SET RENDER PROCESSING

This setting determines the color of images you see in the canvas, as well as the color space and appearance of your exported project (the output media file) when “Use canvas setting” is selected in the Settings pane of the share window.

  • Go to the View menu in the menu bar, then select Render Color Space.
  • From this menu, select the video format of your project. In my example, I set this to HDR Rec. 2020 HLG, which matches my media.

NOTE: If your media does not match your project, you’ll need to convert it using HDR Tools.

SWITCH NON-HDR MONITORS TO TONE MAPPING

  • If you have a Pro Display XDR monitor, you are done.
  • If you are using your Mac display, which does not display HDR media, go to the View menu in the menu bar at the top and check Show HDR as tone mapped.

NOTE: This View menu option is only enabled when the Project is set to Wide Gamut HDR.

You have now created an HDR project and allowed HDR media to be displayed accurately on the Mac monitor. This is still HDR media, however, so exporting video from this project won’t look good on a non-HDR monitor.

EXTRA CREDIT

While this allows Motion to display and export HDR media, you will probably still need to apply Filters > Color > Levels to adjust the gray scale values to your liking. In other words, these steps get you close, but you’ll need to go through a color grade before you are ready for final output.


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Tip #1748: Use HDR Media in an HD Motion Project

Larry Jordan – LarryJordan.com

The “secret sauce” is HDR Tools.

Using HDR HLG media in an HD project, the Levels filter (top), HDR Tools (middle) and the corrected image.

Topic $TipTopic

Apple Motion supports HDR media, both for HDR and HD projects. Here’s how to use HDR media in an HD (Rec. 709) project.

The secret is HDR Tools.

By default, all Motion projects are Rec. 709 (HD). To change this:

  • Add your video into a Motion project.
  • Select the video in the Layers pane and choose Filters > Color > HDR Tools.

NOTE: Your video will not look perfect after applying this filter, but it should look better.

  • In Inspector > Filters > HDR Tools, select the conversion that most closely resembles your footage using the Mode menu. In my example, I’m working with HLG footage and converting it to Rec. 709.
  • Again, with the video selected in the Layers pane, choose Filters > Color > Levels. Adjust the Levels so that your video looks good in the Viewer.

NOTE: These adjustments are why I wish Motion provided video scopes so we could set levels properly.

Notice that HDR Tools is applied first, then the Levels filter is added.

The lower image in the screen shot shows an HLG HDR image with HDR Tools applied, then Levels were adjusted to create the finished gray scale.

Here’s an Apple KnowledgeBase article on using HDR Tools.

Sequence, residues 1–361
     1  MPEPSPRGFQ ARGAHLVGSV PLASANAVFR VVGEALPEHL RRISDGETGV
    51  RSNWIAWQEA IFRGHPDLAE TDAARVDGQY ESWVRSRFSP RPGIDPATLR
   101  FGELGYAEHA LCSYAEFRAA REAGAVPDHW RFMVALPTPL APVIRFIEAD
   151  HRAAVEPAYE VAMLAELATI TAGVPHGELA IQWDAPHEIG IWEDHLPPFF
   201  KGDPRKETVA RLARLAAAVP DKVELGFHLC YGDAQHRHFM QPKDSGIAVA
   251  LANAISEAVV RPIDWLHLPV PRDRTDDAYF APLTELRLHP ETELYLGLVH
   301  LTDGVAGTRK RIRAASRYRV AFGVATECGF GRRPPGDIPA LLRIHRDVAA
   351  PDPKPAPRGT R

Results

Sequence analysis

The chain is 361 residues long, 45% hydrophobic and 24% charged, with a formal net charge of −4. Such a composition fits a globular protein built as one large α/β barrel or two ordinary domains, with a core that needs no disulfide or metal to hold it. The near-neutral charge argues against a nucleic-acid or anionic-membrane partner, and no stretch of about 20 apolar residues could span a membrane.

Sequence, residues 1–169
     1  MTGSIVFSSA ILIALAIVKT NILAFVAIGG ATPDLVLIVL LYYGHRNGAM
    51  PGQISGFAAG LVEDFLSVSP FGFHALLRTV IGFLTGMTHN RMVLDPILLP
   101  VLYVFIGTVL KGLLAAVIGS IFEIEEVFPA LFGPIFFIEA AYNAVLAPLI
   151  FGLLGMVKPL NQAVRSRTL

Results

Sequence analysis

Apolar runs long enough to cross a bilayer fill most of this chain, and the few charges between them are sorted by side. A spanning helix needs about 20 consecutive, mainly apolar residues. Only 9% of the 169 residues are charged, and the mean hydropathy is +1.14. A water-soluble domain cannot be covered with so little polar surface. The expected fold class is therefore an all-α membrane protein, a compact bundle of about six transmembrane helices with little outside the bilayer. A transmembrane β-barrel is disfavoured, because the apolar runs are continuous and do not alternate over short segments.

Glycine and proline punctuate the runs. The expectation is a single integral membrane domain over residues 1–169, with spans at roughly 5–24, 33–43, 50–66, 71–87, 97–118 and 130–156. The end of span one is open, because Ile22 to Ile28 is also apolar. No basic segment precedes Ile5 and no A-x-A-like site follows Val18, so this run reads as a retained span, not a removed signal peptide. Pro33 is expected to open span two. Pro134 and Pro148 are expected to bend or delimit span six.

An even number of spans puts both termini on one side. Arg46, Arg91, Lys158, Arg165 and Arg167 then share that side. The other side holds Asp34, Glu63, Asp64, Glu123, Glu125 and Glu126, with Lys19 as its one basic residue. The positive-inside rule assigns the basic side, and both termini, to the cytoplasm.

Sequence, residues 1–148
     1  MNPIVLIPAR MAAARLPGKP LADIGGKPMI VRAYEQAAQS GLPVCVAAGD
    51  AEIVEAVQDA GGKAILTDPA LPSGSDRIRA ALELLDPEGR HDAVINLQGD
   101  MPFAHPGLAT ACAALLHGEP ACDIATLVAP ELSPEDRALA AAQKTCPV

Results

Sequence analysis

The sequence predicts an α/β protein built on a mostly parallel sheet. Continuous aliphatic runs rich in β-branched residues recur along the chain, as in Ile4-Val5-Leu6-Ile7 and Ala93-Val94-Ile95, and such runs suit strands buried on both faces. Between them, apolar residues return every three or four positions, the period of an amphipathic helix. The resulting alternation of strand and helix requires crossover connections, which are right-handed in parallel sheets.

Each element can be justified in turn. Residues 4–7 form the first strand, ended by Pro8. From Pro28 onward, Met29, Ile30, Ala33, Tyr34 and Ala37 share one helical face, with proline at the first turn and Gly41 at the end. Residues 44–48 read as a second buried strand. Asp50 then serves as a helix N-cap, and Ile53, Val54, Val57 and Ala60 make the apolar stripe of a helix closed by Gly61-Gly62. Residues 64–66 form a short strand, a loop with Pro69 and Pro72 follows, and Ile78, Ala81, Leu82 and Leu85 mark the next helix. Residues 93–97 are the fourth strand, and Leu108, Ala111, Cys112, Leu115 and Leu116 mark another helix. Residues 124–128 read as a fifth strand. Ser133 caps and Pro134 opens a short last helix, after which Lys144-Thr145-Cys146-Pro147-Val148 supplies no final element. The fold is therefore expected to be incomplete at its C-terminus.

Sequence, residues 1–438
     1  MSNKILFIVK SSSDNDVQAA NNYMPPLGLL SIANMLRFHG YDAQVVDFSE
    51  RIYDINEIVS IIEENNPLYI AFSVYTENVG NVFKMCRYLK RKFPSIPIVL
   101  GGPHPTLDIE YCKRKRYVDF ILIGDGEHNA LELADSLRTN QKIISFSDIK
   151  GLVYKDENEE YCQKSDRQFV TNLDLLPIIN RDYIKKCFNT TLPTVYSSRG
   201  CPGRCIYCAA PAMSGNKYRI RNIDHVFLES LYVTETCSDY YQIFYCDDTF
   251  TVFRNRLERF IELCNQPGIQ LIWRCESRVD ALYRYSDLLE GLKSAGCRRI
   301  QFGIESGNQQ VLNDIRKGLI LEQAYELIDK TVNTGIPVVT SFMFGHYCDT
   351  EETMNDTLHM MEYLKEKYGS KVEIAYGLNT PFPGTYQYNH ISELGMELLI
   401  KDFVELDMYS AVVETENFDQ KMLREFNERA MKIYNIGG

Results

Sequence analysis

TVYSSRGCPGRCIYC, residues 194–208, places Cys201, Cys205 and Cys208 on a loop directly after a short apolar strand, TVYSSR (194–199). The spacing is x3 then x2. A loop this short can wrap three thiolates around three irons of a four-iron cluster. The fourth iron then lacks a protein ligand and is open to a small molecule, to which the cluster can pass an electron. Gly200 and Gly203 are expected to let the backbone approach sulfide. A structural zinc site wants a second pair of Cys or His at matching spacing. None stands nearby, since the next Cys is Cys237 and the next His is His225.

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Tip #1749: When to Use HDR Tools in Apple Motion

Larry Jordan – LarryJordan.com

HDR Tools is only necessary when your HDR media does not match your project.

HDR Tools applied to a clip, illustrating the Mode menu contents.

Topic $TipTopic

HDR Tools is a filter that exists for both Final Cut Pro and Motion that converts HDR media into different formats. For example (see screen shot), you will need to apply Filters > Color > HDR Tools when:

  • You import HDR media into a Rec. 709 project.
  • You import HDR HLG media into a HDR PQ project.
  • You import HDR PQ media into an HDR HLG project.

NOTE: By default, HDR Tools is set for HDR to Rec. 709. While that sounds benign, it is not a good option. You will always get better quality by selecting the specific format of your HDR media (HLG or PQ).

The screen shot illustrates the options in the Mode menu.

EXTRA CREDIT

If you don’t know the format of your HDR media, BE SURE!! to find out before you start editing. The differences between HLG and PQ are significant.


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Tip #1714: Apple Updates Motion

Larry Jordan – LarryJordan.com

This release is all bug fixes, no new features.

The Motion logo, along with the latest version number.

Topic $TipTopic

Last week, as part of updates to all their media applications, Apple updated Motion to version 5.5.2. All of the changes listed by Apple are bug fixes, no new features were announced.

Here’s the complete list of fixes, as released by Apple:

  • Fixes an issue in which a 3D object would render with incorrect brightness on Mac computers with Apple silicon.
  • Fixes an issue in which Motion could quit unexpectedly when closing a project after export.
  • Fixes an issue in which emoji would render incorrectly in an HDR project.
  • Fixes an issue in which Motion could quit unexpectedly when closing the application with the HUD open.
  • Fixes an issue in which Motion could quit unexpectedly when adjusting the opacity of a gradient using the onscreen control.
  • Fixes an issue in which Motion would quit unexpectedly when dragging media or an object into a USDZ media well.

Here’s a link to Apple’s Release Notes for Motion.


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Tip #1718: The New Stroke Filter in Motion

Larry Jordan – LarryJordan.com

This creates borders ranging from tacky to lovely. It is highly flexible and fun!

A heart shape with an ice blue outline gradient using the Stroke filter.

Topic $TipTopic

One of the new features in Apple Motion is the Stroke filter. This creates lovely border effects around shapes.

  • To experiment with this, add a shape to a Motion project. (In this example, I used a heart.)
  • Select the layer containing the shape.
  • Choose Filters > Border > Shape. By default, a red border appears. Not to worry, we’ll change it next.
  • Go to Inspector > Filters > Stroke.
  • Change the Stroke Type to Outline Gradient. This causes the gradient to radiate out from the center of the element, rather than circularly around the shape.
  • Now, start tweaking: colors, width, position, fades… the works.

This creates border effects ranging from tacky to lovely. It is by far the most flexible border effect in Motion.